Spandau Ballet Albums Ranked

Spandau Ballet (/ˈspændaʊ ˈbæleɪ/SPAN-dow BAL-ay) was an English pop band formed in Islington, London, in 1979. Inspired by the capital’s post-punk underground dance scene, they emerged at the start of the 1980s as the house band for the Blitz Kids, playing “European Dance Music” as “The Applause” for this new club culture’s audience.[7][8][9] They became one of the most successful groups of the New Romantic era of British pop and were part of the Second British Invasion of the Billboard Top 40 in the 1980s, selling 25 million albums and having 23 hit singles worldwide. The band has had eight UK top 10 albums, including three greatest hits compilations and an album of re-recorded material. Their musical influences ranged from punk rock and soul music to the American crooners Frank Sinatra and Tony Bennett. Here are all of Spandau Ballet albums ranked.

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8. The Twelve Inch Mixes (1986)

“The songs on this album are really good to listen to. Unlike the war trials at the infamous Spandau prison, these songs are forever and timeless. One will hear no clanking of chains or the yell of prison roll call. One will only hear some of the best 80s jazzy R&B music, heck some of the best music ever made on this planet at any time in history. And also unlike the infamous Spandau Prison, people will be talking about this music and their fondness for it even in two hundred years.”

7. Heart Like A Sky (1989)

“Really Great album. Unfortunately was panned by critics at the time. But this has some brilliant tracks. RAW, Empty spaces. Matter of time, windy town and Handful of dust. Also this has a more exciting beat and sound to it. Very different to previous spandau albums. Maybe a little Latin influence.”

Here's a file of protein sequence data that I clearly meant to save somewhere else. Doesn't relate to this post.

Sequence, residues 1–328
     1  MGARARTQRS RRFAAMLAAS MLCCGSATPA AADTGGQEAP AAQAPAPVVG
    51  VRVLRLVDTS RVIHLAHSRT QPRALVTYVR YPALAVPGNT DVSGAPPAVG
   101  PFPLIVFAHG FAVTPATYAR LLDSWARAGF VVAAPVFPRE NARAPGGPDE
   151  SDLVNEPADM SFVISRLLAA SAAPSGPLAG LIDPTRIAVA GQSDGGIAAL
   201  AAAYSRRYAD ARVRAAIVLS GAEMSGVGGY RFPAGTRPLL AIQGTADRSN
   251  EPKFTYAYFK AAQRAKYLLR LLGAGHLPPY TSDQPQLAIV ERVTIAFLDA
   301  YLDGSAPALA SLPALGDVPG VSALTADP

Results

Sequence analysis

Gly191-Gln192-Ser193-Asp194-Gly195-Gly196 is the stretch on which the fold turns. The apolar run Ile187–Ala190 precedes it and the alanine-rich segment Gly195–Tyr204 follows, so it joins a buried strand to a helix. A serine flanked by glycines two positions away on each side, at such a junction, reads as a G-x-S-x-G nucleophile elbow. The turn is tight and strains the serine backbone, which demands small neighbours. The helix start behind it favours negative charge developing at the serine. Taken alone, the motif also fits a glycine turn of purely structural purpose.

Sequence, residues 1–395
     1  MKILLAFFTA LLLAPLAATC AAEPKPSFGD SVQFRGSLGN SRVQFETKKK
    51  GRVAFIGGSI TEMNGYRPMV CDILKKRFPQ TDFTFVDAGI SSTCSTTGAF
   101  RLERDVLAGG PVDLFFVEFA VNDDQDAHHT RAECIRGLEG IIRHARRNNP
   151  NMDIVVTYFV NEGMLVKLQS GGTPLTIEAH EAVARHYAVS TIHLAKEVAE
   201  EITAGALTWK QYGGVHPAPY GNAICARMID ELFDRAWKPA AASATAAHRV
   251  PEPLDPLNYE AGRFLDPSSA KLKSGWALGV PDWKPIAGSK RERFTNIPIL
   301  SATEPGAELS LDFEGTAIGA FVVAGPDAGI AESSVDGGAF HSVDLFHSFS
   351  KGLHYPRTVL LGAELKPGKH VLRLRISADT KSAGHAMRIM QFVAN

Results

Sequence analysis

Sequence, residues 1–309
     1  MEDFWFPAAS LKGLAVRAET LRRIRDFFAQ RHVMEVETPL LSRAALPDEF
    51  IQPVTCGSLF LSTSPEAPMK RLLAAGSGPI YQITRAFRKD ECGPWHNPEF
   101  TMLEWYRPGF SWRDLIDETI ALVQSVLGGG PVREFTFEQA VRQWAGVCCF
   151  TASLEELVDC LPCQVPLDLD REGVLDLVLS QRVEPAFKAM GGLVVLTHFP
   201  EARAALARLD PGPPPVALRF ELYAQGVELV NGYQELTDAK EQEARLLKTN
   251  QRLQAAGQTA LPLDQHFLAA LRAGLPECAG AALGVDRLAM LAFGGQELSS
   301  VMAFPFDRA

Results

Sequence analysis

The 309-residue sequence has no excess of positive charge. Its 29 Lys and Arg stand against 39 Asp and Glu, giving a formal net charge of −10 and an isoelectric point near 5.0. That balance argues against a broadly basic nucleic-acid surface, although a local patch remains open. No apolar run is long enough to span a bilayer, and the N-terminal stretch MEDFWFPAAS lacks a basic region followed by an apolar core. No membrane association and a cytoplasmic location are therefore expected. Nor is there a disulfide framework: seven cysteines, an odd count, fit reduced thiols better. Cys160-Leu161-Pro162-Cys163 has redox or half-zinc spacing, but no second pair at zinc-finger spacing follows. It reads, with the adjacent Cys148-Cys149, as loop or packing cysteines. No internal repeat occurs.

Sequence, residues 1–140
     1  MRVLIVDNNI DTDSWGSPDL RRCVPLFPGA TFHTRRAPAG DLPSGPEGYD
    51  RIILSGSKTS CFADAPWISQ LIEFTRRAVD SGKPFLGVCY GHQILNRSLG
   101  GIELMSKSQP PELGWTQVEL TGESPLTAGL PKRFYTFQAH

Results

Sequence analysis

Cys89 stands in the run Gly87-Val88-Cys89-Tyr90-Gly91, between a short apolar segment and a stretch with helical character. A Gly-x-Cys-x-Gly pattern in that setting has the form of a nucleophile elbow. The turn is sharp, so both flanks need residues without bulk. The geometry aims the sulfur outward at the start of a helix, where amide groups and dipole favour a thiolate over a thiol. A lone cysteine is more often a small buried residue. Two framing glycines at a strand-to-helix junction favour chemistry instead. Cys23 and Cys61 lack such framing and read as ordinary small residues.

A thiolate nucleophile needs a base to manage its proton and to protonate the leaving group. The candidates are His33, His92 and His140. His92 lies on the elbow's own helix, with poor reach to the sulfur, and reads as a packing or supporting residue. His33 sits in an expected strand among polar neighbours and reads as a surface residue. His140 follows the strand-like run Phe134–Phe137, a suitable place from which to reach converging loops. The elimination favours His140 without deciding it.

6. The Singles Collection (1985)

“Everybody is familiar with True. That is anybody who listens to music other than strictly country, soul/R&B, rap, classical or jazz. But Spandau Ballet had a lot more than just that one song. They were a soft rock, new wave group. Little in their repertoire would offend anyone.”

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5. Through The Barricades (1986)

“The album was the band’s last great commercial success, with the title song also offered their last hit and the biggest tour in the band’s history was made. With Fight For Ourselves and How Many Lies, there were two more medium hits of them.”

4. Diamond (1982)

“Diamond celebrates the club world of new Ro in the early 1980s London scene. It is doesn’t get any better than Chant no. 1, or Coffee Club for funky British club music. My first erotic fantasies were from the accompanying videos for Paint Me Down, Chant No. 1, Instinction. etc.”

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3. Journeys To Glory (1981)

“Journeys to Glory was Spandau Ballet’s debut album and was released in the British spring of 1981. These five lads from Islington, London actually did something unique with their first album – instead of signing with a record label they created their own label – Reformation.”

2. Parade (1984)

“This album is pure pleasure. It’s a teeny bit pompous, due to Tony Hadley’s vocal stylings, but in a charming way. It’s a little bravado, a little posing, a little like a man who refuses to grow up. The 16 year old who writes furtive love poems under the desk. The boy who, like a good school boy should, paid his dues and finally got to the big stage. So he’s only ten years too late. It doesn’t matter because it’s still, well, True…”

1. True (1983)

“The Album True is on my top ten list of CDs from the 80s. True is a must-have for anyone who wants to have good taste in really good music. Buy True this instant and when you receive it open it and play this Truly fantastic cd. I promise you that you will be hooked on Spandau Ballet for the rest of your life.”